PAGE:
FAA Proposes Widespread AD for Cessna Fatigue Cracks

Scott ShererScott Sherer COO Forum Moderator
FAA Proposes Widespread AD for Cessna Fatigue Cracks
AOPA is reviewing the proposed AD and will submit formal comments by the March 19 deadline.
AOPA – February 1, 2018 – The FAA has proposed to adopt an airworthiness directive (AD) affecting numerous models of Cessna 172, 182, 206, 207 and 210 airplanes that would require inspection for possible metal-fatigue cracking in the lower area of the forward cabin doorpost bulkhead, and any necessary repairs.
The FAA said that following a report from an operator, investigation “revealed more than four dozen similar cracks” on affected aircraft, according to the notice of proposed rulemaking filed February 1.
“This condition, if not detected and addressed, could result in failure of the wing strut attach point during operation, which could result in loss of control,” it said.
The FAA estimates that the AD affects 14,653 aircraft, and that the cost of compliance would include $127.50 to inspect each airplane and between $2,540 and $2,992 for any needed repairs. Total estimated cost to U.S. operators is $1,868,257.50.
The AD prescribes schedules for initial and repetitive inspections for airplanes that have accumulated less than 4,000 hours time in service, and those with 4,000 hours time in service or more.
Repetitive inspections for aircraft on which no cracks are found would occur every 12 months or 1,000 hours time in service, whichever occurs first. If cracks are found, repeat inspections would take place at intervals not to exceed 1,000 hours time in service after installation of the applicable service kit.
AOPA reported on the problem in February 2017 after the FAA circulated an airworthiness concern sheet seeking information from operators about the problem, and a risk of wing deformation resulting from cracks near wing strut attached fittings.
Operators may comment on the AD by March 19 online at: www.regulations.gov or by mail to: U.S. Department of Transportation, Docket Operations, M–30, West Building Ground Floor, Room W12–140, 1200 New Jersey Avenue SE, Washington, DC 20590. Refer to Docket No. FAA–2017–0049 and Product Identifier 2017–CE–031–AD at the beginning of your comments.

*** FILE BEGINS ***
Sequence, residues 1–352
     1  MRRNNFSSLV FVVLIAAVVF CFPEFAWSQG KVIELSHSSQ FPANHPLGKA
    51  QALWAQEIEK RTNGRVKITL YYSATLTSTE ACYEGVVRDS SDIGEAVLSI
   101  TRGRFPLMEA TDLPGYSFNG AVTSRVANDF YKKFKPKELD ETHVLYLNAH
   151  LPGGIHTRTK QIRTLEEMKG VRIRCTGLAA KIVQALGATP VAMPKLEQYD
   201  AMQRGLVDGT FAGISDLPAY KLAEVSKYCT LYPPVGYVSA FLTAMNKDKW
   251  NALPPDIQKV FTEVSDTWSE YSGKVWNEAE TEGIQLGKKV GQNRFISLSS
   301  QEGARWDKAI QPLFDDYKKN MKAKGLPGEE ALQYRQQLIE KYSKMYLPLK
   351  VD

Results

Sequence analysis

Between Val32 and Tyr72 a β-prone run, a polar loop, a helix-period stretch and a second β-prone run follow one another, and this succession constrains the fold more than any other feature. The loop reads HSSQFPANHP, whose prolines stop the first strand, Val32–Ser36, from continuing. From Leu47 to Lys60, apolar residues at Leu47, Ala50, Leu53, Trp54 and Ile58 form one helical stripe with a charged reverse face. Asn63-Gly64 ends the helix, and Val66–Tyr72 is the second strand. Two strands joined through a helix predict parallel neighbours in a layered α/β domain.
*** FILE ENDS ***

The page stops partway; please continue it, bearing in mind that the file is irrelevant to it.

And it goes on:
Scott Sherer
Wright Brothers Master Pilot, FAA Commercial Pilot
Aviation Director, Cessna Owners Organization Forum Moderator and Cessna Owners Author.

Need help? Let me know!

Comments

  • Does the estimated cost include both wings or just one side?

  • Scott ShererScott Sherer COO Forum Moderator

    My guess is both sides. Have your IA look into it for a definitive answer. If you need help finding one, I can assist :)

    Scott Sherer
    Wright Brothers Master Pilot, FAA Commercial Pilot
    Aviation Director, Cessna Owners Organization Forum Moderator and Cessna Owners Author.

    Need help? Let me know!

  • HESSAEROHESSAERO Comml SEL/MEL, Inst, A&P/IA
    edited August 9

    I performed an inspection of the affected area in accordance with the Cessna service bulletin as port of the first annual inspection on a new-to-us R182 in 2014. Back then it was all lights and mirrors and took two of us two hours. Since the AD was issued I have repeated the inspection on our airplane and one other. With better technology (digital borescopes) the job gets done much more quickly, and I have a photographic record of the inspection. I haven't seen any nascent cracks as yet.

    I recommend that anyone who needs to get this done hire an A&P/IA with a good eye and a good borescope. Ask for a printout of the inspection pictures.

  • Scott ShererScott Sherer COO Forum Moderator

    Much thanks for the update.

    Scott Sherer
    Wright Brothers Master Pilot, FAA Commercial Pilot
    Aviation Director, Cessna Owners Organization Forum Moderator and Cessna Owners Author.

    Need help? Let me know!

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